When health and safety are an issue with headgear, they can be dealt with more effectively by passing or amending laws either specific to an industry (construction, for example, where a hardhat is mandated by occupational health & safety legislation), health (requiring the cleanliness of headgear to be confirmed by supervisors), or identifying times when headgear either interferes or has the potential to cause liability issues (like riding a motorcycle or casting a ballot in a public election).
A blanket ban is not only aggressively offensive, but also monumentally stupid. Why risk polarizing the electorate and alienating minority groups?
The quality of healthcare will not change if a nurse wears a headscarf. It certainly didn’t get worse when nuns wore wimples. The quality of food will not change – actually it may get better – if servers and cooks wear head covering. Many restaurants already require head gear to prevent stray hair from contaminating food. A doctor wearing a crucifix will not make me heal better or worse than one without it.
Worse is that this proposal comes with the stench of racism, since most of the wearers of such headgear are not the white, Catholic (but allegedly secular) rulers of the province. better would have been some sort of voluntary guidelines, maybe an incentive program.
The PQ blusters about the harm of “religious accommodation” but it’s examples are so bland and inconsequential as to be mere canards. Allowing Orthodox Jews to ignore parking restrictions on Saturday so they don’t have to violate their religious laws by moving their car, for example, is a trivial issue but the PQ Labour Minister had to wade in and decry the exception. As if it mattered. As if the sky was falling.
A Globe and Mail editorial noted,
The reasonable accommodation debate has been front-page news in Quebec since the terror attacks of 9/11 and the subsequent backlash in many countries against Muslims. A series of overblown controversies – a small town adopted a “code of conduct” that churlishly reminded immigrants that stoning women to death, female circumcision and other unlikely-to-occur practices aren’t allowed in Quebec; a sugar shack removed pork from its menu to accommodate Muslim patrons – prompted the Liberal government of Jean Charest to establish the Bouchard-Taylor Commission on Accommodation Practices Related to Cultural Differences, in 2007.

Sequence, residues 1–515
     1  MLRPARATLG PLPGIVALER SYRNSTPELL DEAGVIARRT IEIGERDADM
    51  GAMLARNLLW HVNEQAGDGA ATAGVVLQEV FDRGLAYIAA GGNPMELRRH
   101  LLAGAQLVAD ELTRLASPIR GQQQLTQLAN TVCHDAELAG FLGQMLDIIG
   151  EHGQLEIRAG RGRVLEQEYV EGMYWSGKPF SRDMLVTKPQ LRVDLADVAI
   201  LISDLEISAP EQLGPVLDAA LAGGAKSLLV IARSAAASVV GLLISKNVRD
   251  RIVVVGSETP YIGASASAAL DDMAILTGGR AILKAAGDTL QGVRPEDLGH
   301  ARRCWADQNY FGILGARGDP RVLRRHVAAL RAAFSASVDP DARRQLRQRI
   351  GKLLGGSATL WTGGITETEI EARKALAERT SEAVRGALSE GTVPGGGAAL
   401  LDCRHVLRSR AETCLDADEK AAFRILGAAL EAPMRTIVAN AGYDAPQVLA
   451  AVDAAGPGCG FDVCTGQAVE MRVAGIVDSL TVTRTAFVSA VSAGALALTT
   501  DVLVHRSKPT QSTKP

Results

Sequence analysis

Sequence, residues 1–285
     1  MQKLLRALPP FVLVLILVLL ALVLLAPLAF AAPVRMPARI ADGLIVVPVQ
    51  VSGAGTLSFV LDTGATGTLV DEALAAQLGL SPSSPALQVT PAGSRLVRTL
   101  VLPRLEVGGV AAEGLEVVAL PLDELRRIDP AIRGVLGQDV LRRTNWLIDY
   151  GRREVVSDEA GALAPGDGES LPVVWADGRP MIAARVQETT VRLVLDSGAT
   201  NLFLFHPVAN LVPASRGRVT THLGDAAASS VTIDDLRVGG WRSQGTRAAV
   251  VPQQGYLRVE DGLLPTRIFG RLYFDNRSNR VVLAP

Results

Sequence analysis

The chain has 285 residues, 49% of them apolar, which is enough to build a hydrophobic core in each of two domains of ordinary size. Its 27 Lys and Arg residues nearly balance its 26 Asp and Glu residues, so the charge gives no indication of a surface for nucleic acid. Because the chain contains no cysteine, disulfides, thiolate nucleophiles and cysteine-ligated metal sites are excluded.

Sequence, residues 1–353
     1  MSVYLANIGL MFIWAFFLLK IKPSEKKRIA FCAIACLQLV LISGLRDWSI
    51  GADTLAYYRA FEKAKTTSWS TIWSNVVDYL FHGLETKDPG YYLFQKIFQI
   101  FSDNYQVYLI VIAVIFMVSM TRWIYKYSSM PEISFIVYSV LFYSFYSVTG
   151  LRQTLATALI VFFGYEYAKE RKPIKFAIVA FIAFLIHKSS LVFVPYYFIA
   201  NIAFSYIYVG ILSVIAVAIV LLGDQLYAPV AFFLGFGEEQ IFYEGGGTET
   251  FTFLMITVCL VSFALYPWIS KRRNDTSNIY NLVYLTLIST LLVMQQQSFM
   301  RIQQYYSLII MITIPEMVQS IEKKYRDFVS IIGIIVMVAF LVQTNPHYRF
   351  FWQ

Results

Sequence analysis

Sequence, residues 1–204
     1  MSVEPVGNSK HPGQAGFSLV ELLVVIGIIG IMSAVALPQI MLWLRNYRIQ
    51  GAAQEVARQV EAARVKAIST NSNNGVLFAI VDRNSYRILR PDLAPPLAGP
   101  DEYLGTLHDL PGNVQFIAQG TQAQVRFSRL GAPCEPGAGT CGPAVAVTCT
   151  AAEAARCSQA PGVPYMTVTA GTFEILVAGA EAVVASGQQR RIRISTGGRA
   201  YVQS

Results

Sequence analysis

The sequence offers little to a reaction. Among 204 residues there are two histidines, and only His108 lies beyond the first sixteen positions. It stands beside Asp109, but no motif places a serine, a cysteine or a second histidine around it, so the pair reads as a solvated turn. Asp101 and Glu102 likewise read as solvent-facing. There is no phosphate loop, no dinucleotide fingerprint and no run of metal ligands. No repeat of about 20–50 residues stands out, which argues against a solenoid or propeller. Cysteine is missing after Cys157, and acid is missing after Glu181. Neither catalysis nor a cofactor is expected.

The $5.1-million commission held 31 days of hearings and released a report in 2008 that correctly concluded that Quebec was not in a crisis. It nonetheless made recommendations, one of which called on the province to declare itself secular. The idea caught the attention of the Parti Québécois, which has vowed to adopt what it has come to call the Charter of Quebec Values.
Quebec, though, is in a crisis: a manufactured one. A group has decided to create an issue, create a controversy, where none existed. To invent a crisis by cleverly manipulating the media and the public. Make it look like there’s substance where there’s only smoke and mirrors. Shades of local politics, eh?
This matters because we’re all in Canada and how any province treats its immigrants, its minorities, its faiths reflects on us all. Canadians are (or should be) known worldwide for their tolerance, acceptance, and compassion. This proposed charter of values will make us look like bigots. Let’s hope the PQ proposal gets shot down before that happens.
* What is the real difference between wearing a religious icon or clothing and wearing a political party pin? A union pin? A branded ball cap? A Star Trek badge? An automobile crest on your rapper bling? An Elvis or Beatles T-shirt? A Masonic ring? Does the wearing of a symbol do anything more than reflect a personal choice?
** Section two of the Charter, fundamental freedoms, guarantees:
2. Everyone has the following fundamental freedoms:
(a) freedom of conscience and religion;
(b) freedom of thought, belief, opinion and expression, including freedom of the press and other media of communication;
(c) freedom of peaceful assembly; and
(d) freedom of association.
*** The French tried to secularize almost every aspect of life after the Revolution (the Napoleonic Code in particular), and much of it was a disaster. Take a look at the mess they made of the calendar. In 1905, during the Third Republic, France passed a new law to define the separation of church and state. Valiant efforts, but Marois is no Napoleon (I or III). The PQ proposal is a thin ectoplasm of the French legislation.